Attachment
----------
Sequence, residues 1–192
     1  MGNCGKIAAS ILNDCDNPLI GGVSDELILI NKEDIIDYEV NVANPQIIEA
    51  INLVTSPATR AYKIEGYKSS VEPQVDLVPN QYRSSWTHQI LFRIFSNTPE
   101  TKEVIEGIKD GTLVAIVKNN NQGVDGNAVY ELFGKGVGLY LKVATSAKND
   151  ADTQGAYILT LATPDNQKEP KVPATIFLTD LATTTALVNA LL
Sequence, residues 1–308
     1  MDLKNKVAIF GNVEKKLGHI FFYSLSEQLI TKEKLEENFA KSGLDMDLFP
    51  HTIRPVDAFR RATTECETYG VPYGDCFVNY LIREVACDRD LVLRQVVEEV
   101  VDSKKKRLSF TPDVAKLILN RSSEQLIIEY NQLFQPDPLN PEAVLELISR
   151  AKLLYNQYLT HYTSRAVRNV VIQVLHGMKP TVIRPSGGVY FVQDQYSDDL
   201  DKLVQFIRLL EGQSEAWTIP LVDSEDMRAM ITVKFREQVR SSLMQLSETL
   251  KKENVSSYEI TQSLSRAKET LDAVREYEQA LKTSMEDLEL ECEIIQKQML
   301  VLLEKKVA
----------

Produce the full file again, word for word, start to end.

Sequence, residues 1–192
     1  MGNCGKIAAS ILNDCDNPLI GGVSDELILI NKEDIIDYEV NVANPQIIEA
    51  INLVTSPATR AYKIEGYKSS VEPQVDLVPN QYRSSWTHQI LFRIFSNTPE
   101  TKEVIEGIKD GTLVAIVKNN NQGVDGNAVY ELFGKGVGLY LKVATSAKND
   151  ADTQGAYILT LATPDNQKEP KVPATIFLTD LATTTALVNA LL
Sequence, residues 1–308
     1  MDLKNKVAIF GNVEKKLGHI FFYSLSEQLI TKEKLEENFA KSGLDMDLFP
    51  HTIRPVDAFR RATTECETYG VPYGDCFVNY LIREVACDRD LVLRQVVEEV
   101  VDSKKKRLSF TPDVAKLILN RSSEQLIIEY NQLFQPDPLN PEAVLELISR
   151  AKLLYNQYLT HYTSRAVRNV VIQVLHGMKP TVIRPSGGVY FVQDQYSDDL
   201  DKLVQFIRLL EGQSEAWTIP LVDSEDMRAM ITVKFREQVR SSLMQLSETL
   251  KKENVSSYEI TQSLSRAKET LDAVREYEQA LKTSMEDLEL ECEIIQKQML
   301  VLLEKKVA